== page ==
Thursday, March 02, 2006

swing low

The best part of teaching--besides the whole inspiring young people thing--is coming to a new discovery about something familiar. Just as you see the world differently as a parent, you see concepts differently when you have to teach them.

For example, Allen Ginsberg's "America" is all well and good. As a teenager, I found it, I read it, I thought it was interesting, I moved on. As a teacher of American Literature, I loved that poem. I sought it out as a different perspective from our slightly stodgy textbook, and I debated briefly about whether or not I should say "go fuck yourself with your atom bomb" in front of a class before I was tenured.* But the true epiphany came with the discomforting irony of canonizing something that was so fundamentally anti-establishment. I mean, I might as well assign two chapters of "On the Road" and flunk a student for putting off the reading until the next day.

Or Newton's First Law of Motion. It's one thing to learn, memorize, spend a few moments studying it, and ace a quiz. As a first-time science teacher, I'm driving to school and looking at all the examples of inertia, wondering which ones will most resonate with my students. Whch ones can I turn into a hands-on activity? Which examples will they remember?

I'm kicking myself for not remembering the quote or the author, but I was hit profoundly by a statement I read in a metaethics class in college. It basically made the point that wisdom is not necessarily about discovering new information but it's about familiar information becoming more salient.

Today, a beautiful song became salient. We're doing the middle school glaze-over of slavery, and I spent a few days teaching about how much history is wrapped up in music and vice versa. "Swing low, sweet chariot" has always been one of those that hits me down deep, resonates with those low swinging notes. It's a pleasure to spend more time with it, to see it fresh through my student's eyes, to look out across the last hundred years of our past, guided by voices.

And now it's stuck in my head.

*I did say it, quickly.


Blogger Hamel said...

Great comments on teaching, and thinking, and living.

7:49 PM  
Blogger Stormmaster said...

Great post, Jessica.

It's great rediscovering what you already knew or applying knowledge that you aquired years ago without understanding the true implications.
Great to have a job where you have that opportunity almost every day.

1:47 AM  
Blogger James said...

I had a similar epiphany a few years back while sitting in a staff meeting in a science classroom. My mind began to wander and I drifted off jjust staring at the periodic table of the elements hanging on the wall and was just struck by the absolute poetic beauty of the thing. It was sublime and majestic and so perfect that I forgot everything else about that day.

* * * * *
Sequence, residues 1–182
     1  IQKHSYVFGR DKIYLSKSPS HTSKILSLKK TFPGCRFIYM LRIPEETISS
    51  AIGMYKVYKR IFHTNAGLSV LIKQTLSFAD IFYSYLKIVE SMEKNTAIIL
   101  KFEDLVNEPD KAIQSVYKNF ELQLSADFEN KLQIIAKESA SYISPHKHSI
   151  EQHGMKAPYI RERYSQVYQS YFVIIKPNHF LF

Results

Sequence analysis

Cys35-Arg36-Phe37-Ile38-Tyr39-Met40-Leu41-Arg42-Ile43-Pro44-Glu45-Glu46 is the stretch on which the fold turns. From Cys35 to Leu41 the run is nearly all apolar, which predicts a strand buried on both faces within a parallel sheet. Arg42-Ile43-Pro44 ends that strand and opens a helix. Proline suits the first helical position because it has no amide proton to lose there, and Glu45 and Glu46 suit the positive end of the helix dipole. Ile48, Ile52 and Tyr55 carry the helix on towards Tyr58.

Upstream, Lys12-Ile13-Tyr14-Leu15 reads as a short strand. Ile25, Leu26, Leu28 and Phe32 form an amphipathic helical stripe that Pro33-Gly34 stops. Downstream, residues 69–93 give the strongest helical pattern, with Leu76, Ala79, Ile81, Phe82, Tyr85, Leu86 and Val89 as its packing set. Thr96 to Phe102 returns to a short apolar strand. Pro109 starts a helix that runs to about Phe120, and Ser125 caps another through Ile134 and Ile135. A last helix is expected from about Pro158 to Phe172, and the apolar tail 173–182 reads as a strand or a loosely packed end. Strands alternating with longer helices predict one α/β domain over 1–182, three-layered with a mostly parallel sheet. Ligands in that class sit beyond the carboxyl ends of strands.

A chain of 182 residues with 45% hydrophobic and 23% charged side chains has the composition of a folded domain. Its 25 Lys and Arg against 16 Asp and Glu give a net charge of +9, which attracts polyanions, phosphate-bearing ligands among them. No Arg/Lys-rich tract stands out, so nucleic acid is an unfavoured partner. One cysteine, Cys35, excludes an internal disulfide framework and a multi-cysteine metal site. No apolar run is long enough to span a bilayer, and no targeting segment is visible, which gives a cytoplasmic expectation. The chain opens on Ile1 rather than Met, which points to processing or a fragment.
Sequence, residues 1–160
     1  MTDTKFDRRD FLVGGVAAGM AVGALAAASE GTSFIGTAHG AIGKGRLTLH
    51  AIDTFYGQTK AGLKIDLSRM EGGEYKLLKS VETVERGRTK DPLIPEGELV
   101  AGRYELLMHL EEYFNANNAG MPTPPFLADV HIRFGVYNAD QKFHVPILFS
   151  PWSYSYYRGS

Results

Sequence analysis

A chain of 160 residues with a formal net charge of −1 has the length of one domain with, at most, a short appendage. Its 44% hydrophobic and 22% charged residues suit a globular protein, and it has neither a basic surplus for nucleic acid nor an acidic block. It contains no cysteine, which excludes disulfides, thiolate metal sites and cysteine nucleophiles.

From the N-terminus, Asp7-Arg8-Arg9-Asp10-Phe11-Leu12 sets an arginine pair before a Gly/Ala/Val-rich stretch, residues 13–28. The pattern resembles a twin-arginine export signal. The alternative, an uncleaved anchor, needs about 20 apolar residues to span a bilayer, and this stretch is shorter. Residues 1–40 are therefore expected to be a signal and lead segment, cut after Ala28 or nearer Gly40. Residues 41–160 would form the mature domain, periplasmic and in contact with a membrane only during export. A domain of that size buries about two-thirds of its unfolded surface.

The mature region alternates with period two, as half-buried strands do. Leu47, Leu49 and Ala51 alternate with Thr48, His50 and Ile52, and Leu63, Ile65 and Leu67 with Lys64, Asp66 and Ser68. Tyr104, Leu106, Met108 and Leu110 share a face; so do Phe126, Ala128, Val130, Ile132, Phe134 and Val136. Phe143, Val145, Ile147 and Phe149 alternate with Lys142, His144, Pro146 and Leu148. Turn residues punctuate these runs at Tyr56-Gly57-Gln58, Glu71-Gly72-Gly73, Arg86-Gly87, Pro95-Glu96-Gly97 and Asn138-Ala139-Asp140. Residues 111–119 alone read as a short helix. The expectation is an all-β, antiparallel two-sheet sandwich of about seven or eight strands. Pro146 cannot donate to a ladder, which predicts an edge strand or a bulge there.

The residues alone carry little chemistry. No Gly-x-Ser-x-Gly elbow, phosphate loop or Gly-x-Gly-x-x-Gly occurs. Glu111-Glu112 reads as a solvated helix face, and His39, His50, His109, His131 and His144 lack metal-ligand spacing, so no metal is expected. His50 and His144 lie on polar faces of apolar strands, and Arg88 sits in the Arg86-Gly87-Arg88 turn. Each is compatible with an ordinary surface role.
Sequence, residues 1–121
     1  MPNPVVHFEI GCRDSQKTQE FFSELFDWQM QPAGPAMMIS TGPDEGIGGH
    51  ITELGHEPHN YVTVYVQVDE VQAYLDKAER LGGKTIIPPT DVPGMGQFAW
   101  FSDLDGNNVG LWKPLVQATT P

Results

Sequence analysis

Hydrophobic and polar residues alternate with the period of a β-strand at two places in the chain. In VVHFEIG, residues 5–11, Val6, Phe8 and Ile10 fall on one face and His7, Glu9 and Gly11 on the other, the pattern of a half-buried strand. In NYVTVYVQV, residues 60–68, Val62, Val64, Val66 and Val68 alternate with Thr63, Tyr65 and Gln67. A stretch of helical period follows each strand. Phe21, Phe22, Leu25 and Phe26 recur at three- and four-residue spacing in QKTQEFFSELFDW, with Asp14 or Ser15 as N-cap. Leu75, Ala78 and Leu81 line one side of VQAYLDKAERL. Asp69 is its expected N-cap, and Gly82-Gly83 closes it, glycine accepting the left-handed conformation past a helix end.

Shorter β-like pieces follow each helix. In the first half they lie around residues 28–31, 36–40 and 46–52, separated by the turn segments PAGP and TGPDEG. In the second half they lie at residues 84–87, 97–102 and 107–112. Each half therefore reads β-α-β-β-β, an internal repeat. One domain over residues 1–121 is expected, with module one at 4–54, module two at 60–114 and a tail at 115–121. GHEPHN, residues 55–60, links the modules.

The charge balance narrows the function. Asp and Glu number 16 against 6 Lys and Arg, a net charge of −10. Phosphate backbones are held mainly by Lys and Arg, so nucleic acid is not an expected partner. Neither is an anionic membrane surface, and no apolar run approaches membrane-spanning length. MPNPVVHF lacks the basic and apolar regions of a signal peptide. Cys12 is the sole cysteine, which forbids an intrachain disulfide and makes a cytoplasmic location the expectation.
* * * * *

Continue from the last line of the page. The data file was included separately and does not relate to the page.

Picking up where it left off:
When I was in high school I thought it was just another stupid chart. Somtimes I think education really is wasted on the young.

4:18 AM  
Blogger Balloon Pirate said...

Education is not wasted on the young. It's a seed that is planted. Sometimes it grows quickly and the effects are visible. Some seeds are cast in infertile ground and never grow at all, and some lay dormant for years, or hide among the weeds of thought, and show themselves late, fully blossomed, seemingly from nowhere.

But that seed was planted years ago by a teacher you may not even remember.

And by the way, we all know Newton's first, second and third laws of motion (inertia, momentum, and reciprocity), but few know about Newtons FOURTH law of motion, which is the most important one: Never run with scissors.


7:30 AM  
Blogger James said...

Well said, BP. I do agree with you (despite a brief bout of early morning cynicism) or I wouldn't be a teacher.

The troubling thing I see in our schools is a tendency to overteach content at the expense of instilling in kids a sense of ongoing wonder that makes them stop and ask questions and continue learning after their school days are finished.

Ideally education makes the soil fertile (to continue your analogy) so that kids learn to ask and then seek answers, which I think is what ultimately causes those moments of newfound awareness that Jessica so nicely describes.

8:25 AM  
Blogger Jessica said...

The pleasure in writing down my disconnected thoughts is surpassed by reading your (plural) comments and various takes on the same ideas. The compliments are pretty nice, too. Thanks.

8:41 PM  
Blogger Old Man Rich said...

Strangely, Swing Low is the song sung by the English at rugby internationals. I have no idea why.

11:27 PM  
Blogger Jessica said...

That is an odd choice. I've never imagined it as a fight song, but why not?

11:00 AM  

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